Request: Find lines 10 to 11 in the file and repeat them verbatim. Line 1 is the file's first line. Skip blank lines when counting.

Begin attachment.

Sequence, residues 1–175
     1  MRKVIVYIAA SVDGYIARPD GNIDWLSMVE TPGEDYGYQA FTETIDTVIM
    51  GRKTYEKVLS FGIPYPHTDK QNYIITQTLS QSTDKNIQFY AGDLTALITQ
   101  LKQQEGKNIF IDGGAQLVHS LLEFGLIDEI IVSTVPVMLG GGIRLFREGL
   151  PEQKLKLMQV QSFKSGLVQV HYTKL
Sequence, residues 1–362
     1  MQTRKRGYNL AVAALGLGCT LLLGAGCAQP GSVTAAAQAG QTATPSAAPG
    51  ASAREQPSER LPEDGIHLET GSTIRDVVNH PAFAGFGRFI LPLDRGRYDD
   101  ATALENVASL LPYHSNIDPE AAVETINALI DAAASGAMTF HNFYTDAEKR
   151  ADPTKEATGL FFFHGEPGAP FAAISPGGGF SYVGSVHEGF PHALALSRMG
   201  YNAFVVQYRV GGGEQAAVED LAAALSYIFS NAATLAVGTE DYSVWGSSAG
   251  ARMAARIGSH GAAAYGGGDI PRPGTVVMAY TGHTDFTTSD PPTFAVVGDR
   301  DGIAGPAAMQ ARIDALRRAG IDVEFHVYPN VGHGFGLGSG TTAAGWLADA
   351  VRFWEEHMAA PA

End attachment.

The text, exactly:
   151  ADPTKEATGL FFFHGEPGAP FAAISPGGGF SYVGSVHEGF PHALALSRMG
   201  YNAFVVQYRV GGGEQAAVED LAAALSYIFS NAATLAVGTE DYSVWGSSAG